Lesson plan

# 2. Compare lengths of objects (FP)

teaches Common Core State Standards CCSS.Math.Content.1.MD.A.1 http://corestandards.org/Math/Content/1/MD/A/1
teaches Common Core State Standards CCSS.Math.Practice.MP2 http://corestandards.org/Math/Practice/MP2
teaches Common Core State Standards CCSS.Math.Practice.MP3 http://corestandards.org/Math/Practice/MP3
teaches Common Core State Standards CCSS.Math.Practice.MP6 http://corestandards.org/Math/Practice/MP6

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Lesson objective: Extend prior knowledge about comparing two objects and develop the understanding that comparing lengths of objects requires taking both endpoints into account.

This lesson helps to build understanding that comparing lengths of objects requires taking both endpoints into account. Images are used here because they support the procedural skills of comparing lengths of objects. This work develops students' understanding that both endpoints must be taken into account when comparing lengths of objects.

Students bring prior knowledge of comparing two objects describing measureable attributes of objects, such as length or weight (Grade K, Unit 8, K.MD.1D), and directly compare two objects with a measureable attribute in common, to see which object has "more of"/"less of" the attribute, and describe the difference (Grade K, Unit 8, K.MD.1D).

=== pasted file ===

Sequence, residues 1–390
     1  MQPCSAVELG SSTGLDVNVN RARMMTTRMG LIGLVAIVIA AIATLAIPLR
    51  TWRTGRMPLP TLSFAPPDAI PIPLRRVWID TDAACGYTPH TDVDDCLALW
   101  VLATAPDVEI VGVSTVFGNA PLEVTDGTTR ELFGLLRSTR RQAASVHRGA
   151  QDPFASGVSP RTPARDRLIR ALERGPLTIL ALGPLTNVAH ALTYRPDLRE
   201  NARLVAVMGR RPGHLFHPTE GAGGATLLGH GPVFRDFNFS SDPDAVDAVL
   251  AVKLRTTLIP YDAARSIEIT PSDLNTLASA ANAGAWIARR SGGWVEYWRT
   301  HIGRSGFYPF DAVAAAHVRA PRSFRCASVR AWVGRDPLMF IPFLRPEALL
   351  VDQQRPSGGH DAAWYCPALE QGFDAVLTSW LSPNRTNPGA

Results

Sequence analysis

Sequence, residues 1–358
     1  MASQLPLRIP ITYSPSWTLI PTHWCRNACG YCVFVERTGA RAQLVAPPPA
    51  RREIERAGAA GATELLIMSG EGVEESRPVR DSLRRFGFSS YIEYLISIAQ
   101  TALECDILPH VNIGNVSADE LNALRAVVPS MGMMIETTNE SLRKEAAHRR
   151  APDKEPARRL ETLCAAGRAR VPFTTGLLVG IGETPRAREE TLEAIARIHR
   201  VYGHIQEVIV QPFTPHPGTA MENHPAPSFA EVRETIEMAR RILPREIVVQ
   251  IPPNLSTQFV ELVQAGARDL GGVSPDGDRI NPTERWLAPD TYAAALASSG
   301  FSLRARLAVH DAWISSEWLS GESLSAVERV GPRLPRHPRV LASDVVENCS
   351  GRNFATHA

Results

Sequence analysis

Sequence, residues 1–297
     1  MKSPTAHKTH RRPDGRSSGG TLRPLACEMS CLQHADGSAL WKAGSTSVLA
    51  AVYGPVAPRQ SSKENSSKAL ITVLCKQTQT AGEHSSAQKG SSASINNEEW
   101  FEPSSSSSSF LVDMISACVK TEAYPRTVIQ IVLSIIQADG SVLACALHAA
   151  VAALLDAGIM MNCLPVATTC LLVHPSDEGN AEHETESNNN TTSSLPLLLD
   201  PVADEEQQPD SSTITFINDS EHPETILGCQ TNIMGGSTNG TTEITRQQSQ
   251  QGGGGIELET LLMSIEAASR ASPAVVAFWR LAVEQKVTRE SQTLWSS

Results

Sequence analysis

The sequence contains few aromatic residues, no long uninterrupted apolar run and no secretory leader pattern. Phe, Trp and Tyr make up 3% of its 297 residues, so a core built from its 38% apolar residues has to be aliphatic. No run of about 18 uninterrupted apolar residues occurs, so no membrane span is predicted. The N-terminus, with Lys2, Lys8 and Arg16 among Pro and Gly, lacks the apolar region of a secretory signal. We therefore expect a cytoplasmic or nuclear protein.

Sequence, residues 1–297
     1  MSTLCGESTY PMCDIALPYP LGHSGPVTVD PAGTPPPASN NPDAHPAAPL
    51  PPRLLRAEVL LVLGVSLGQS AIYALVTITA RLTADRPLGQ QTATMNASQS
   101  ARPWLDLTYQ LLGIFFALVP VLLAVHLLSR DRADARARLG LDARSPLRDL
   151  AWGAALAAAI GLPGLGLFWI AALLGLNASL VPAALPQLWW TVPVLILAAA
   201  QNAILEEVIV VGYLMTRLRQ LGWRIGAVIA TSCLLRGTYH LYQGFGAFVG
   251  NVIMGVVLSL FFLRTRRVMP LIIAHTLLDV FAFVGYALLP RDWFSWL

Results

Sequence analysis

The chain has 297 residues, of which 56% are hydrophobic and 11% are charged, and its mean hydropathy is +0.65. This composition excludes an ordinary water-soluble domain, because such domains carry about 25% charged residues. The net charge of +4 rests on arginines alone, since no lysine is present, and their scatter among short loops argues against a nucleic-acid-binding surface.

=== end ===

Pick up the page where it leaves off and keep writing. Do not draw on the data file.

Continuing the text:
This prior knowledge is extended to taking both endpoints into account as students must determine which pieces of licorice are longer. A conceptual challenge students may encounter is considering only one pair of endpoints when comparing objects.

The concept is developed through work with linear models such as ribbons, pieces of paper, or string which allow students to physically match up and align objects at the same endpoints and compare the other endpoints.

This work helps students deepen their understanding of numbers because when students compare length they can extend this to number comparisons. It also extends understanding of equivalence and non-equivalence.

Students engage in Mathematical Practice 2 (Students reason quantitatively and abstractly as they use measurements of others to compare their results), Mathematical Practice 3 (Construct viable arguments and critique the reasoning of others as students compare the measurements of others and construct a viable argument as to why the process produced correct or incorrect responses), and Mathematical Practice 6 (Attend to precision). Students will use mathematics vocabulary properly when discussing problems. Carefully showing the steps in solving comparison problems.

Key vocabulary:

• length
• long
• short
• measure
• endpoint